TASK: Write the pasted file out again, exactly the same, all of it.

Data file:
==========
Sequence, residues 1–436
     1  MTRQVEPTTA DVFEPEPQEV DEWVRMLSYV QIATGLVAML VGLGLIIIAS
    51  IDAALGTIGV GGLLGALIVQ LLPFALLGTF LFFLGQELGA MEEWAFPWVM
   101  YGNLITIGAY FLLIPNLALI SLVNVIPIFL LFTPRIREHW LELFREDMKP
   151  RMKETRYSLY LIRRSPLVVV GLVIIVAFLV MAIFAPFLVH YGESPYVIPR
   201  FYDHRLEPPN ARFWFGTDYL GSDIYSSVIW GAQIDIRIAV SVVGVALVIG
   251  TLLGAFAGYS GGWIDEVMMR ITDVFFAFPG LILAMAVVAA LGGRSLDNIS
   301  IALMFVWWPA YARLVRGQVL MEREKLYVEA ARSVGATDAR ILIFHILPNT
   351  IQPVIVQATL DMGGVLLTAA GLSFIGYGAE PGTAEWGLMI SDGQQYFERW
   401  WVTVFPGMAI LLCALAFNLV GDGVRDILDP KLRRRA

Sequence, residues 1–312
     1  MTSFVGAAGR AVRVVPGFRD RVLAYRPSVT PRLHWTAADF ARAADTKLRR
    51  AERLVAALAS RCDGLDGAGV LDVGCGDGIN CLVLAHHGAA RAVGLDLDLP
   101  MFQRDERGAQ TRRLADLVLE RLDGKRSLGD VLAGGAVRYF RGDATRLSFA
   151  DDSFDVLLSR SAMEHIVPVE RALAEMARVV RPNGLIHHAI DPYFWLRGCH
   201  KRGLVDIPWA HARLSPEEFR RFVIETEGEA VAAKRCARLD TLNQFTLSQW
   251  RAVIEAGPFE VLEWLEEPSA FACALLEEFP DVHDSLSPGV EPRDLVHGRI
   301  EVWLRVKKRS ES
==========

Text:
Sequence, residues 1–436
     1  MTRQVEPTTA DVFEPEPQEV DEWVRMLSYV QIATGLVAML VGLGLIIIAS
    51  IDAALGTIGV GGLLGALIVQ LLPFALLGTF LFFLGQELGA MEEWAFPWVM
   101  YGNLITIGAY FLLIPNLALI SLVNVIPIFL LFTPRIREHW LELFREDMKP
   151  RMKETRYSLY LIRRSPLVVV GLVIIVAFLV MAIFAPFLVH YGESPYVIPR
   201  FYDHRLEPPN ARFWFGTDYL GSDIYSSVIW GAQIDIRIAV SVVGVALVIG
   251  TLLGAFAGYS GGWIDEVMMR ITDVFFAFPG LILAMAVVAA LGGRSLDNIS
   301  IALMFVWWPA YARLVRGQVL MEREKLYVEA ARSVGATDAR ILIFHILPNT
   351  IQPVIVQATL DMGGVLLTAA GLSFIGYGAE PGTAEWGLMI SDGQQYFERW
   401  WVTVFPGMAI LLCALAFNLV GDGVRDILDP KLRRRA

Sequence, residues 1–312
     1  MTSFVGAAGR AVRVVPGFRD RVLAYRPSVT PRLHWTAADF ARAADTKLRR
    51  AERLVAALAS RCDGLDGAGV LDVGCGDGIN CLVLAHHGAA RAVGLDLDLP
   101  MFQRDERGAQ TRRLADLVLE RLDGKRSLGD VLAGGAVRYF RGDATRLSFA
   151  DDSFDVLLSR SAMEHIVPVE RALAEMARVV RPNGLIHHAI DPYFWLRGCH
   201  KRGLVDIPWA HARLSPEEFR RFVIETEGEA VAAKRCARLD TLNQFTLSQW
   251  RAVIEAGPFE VLEWLEEPSA FACALLEEFP DVHDSLSPGV EPRDLVHGRI
   301  EVWLRVKKRS ES